Améry's Duress

Jeffrey Bernstein

Abstract


If truth hurts, this is no doubt because it is often enough forced on us. And the question as to whether the reception of “nice,” “easy” truths is similarly an outcome of coercion negates itself in its very formulation—we do not ask “why are things the way they are?” from a feeling of comfort; the plaintiff cry of “how, then, shall we live?” does not come to us out of a sense of security. Indeed, insofar as truth overtakes us and interrupts the conventions of our lives, it occurs to us quite apart from our ordinary desires and wants. We are thus faced with a paradox: what claim can truth make on a being that “doesn’t need it and doesn’t care about it—since it doesn’t at all concern his needs”? When one considers that the awareness of truth is indexed to lived experience, the paradox is only heightened.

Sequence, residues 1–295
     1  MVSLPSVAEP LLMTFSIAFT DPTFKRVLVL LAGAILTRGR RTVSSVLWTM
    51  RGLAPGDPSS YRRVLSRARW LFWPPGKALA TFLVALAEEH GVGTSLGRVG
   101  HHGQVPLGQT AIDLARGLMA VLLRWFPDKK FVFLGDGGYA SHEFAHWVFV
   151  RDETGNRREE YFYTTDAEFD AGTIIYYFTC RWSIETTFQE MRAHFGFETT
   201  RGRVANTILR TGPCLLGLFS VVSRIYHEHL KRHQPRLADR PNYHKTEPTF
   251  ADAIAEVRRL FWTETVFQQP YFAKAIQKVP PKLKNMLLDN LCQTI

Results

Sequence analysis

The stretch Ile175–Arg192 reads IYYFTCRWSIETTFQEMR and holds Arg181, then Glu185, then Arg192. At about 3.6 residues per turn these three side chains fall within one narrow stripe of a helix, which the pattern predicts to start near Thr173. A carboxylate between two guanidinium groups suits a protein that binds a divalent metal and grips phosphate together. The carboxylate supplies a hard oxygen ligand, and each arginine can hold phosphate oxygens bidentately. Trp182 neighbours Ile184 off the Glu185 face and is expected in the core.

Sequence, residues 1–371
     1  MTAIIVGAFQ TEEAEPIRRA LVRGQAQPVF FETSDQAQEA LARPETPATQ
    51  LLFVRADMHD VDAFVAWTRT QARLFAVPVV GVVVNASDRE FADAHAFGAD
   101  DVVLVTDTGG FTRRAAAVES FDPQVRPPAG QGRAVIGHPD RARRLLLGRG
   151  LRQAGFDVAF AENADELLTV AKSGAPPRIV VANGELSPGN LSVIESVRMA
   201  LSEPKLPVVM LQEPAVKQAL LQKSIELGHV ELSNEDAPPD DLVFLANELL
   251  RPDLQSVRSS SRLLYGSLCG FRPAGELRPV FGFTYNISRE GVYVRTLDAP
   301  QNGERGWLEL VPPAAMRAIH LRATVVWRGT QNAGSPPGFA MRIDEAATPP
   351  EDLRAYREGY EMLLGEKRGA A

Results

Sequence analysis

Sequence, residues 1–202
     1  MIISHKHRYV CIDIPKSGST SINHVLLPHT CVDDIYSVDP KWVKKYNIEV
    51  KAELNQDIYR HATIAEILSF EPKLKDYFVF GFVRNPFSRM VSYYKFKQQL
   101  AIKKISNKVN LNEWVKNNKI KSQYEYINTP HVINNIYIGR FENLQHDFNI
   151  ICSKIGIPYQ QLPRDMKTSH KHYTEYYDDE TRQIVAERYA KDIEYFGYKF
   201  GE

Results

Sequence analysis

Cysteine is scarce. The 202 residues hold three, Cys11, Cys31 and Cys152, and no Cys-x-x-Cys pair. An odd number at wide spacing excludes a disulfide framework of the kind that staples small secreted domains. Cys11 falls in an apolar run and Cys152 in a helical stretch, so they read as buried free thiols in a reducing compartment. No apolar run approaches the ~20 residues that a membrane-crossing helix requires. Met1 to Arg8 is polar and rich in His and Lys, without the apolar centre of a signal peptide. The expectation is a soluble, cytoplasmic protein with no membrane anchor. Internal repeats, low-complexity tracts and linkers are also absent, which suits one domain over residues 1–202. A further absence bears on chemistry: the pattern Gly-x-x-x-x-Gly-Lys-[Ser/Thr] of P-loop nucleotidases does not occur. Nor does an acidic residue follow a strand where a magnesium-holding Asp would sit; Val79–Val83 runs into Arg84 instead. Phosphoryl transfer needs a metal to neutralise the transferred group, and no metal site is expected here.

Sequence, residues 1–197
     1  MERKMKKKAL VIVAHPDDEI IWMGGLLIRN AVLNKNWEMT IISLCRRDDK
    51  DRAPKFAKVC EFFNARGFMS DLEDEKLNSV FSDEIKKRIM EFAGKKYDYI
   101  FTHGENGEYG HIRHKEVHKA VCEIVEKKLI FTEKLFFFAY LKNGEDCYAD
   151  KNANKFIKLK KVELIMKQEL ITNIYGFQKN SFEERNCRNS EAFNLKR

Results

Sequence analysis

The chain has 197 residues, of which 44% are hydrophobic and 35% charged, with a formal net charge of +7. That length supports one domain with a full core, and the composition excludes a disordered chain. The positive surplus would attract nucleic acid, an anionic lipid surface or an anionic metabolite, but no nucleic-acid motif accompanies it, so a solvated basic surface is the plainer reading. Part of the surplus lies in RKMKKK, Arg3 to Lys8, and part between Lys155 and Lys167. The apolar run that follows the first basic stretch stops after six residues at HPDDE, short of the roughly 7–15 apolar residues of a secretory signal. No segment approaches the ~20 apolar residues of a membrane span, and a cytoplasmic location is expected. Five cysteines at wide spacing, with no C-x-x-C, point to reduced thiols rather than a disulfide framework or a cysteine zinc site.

Keywords


Améry; Athens; Jerusalem; duress; Sartre

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DOI: https://doi.org/10.5195/jffp.2016.795

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